It is late 2016. All indicators point to a world economy that will remain weak next year and in the longer term, in advanced and developing countries alike. Governments are feeling the pressure from voters to deliver faster economic growth--and plenty of jobs.
In my view, that would be a mistake. The fate of the United States and the fate of the world are really in our hands. If you are an independent, please do not sit out this election. It is much too important.
Is this true? The short answer is no. It is true that Latin America has been affected by the ups and downs of the global economy: The regional economy was basically flat in 2015, and is projected to shrink by 0.5 percent this year. But this is not the main story.
Weather and economics are similar in that they are difficult to forecast in the near term but the job gets easier the further out you look. For example, we may or may not have a white Christmas, no one knows, but the long term the forecast is warm and warmer.
What is the common ground between the economic prosperity of the Netherlands in the XVII-XVIII centuries, nineteenth century England, twentieth century U.S. and, more recently, countries such as South Korea, Singapore and Israel?
The Pope is to be commended for taking global climate change seriously, and for drawing more world attention to the issue. There is much about the encyclical that is commendable, but where it drifts into matters of public policy, I fear that it is -- unfortunately -- not helpful.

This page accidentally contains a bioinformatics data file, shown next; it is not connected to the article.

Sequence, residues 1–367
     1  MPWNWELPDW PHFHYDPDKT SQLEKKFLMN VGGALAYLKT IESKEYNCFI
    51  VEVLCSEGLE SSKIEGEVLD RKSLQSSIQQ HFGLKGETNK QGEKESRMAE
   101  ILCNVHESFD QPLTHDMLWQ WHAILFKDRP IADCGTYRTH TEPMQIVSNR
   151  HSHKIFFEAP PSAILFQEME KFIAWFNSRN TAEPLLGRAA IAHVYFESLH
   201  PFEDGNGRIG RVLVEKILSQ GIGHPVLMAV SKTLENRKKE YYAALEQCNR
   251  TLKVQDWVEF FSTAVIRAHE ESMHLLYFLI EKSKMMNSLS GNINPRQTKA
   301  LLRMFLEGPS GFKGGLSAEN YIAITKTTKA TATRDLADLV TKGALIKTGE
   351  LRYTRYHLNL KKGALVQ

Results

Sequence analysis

The Luxembourg-based European Investment Bank Institute has announced that Sir Anthony B. Atkinson (Nuffield College, Oxford) will receive the 2015 EIB Outstanding Contribution Award for excellence in economic and social research.
Now is an important moment to think carefully about the path ahead for the much-maligned and much-celebrated IPCC, because in early October of this year, the 195 member countries of the IPCC will meet in plenary in Dubrovnik, Croatia, to elect a new Chair.
Global energy consumption is on a path to grow 30-50 percent over the next 25 years, bringing with it, in many countries, increased local air pollution, greenhouse gas (GHG) emissions, and oil consumption, as well as higher energy prices.
It is ironic, offensive, and sad that anyone would suggest that my support of Harvard's divestment position is somehow tied to my outside engagements. That suggestion -- and the recent threats I have received -- defies logic and is contradicted by the record.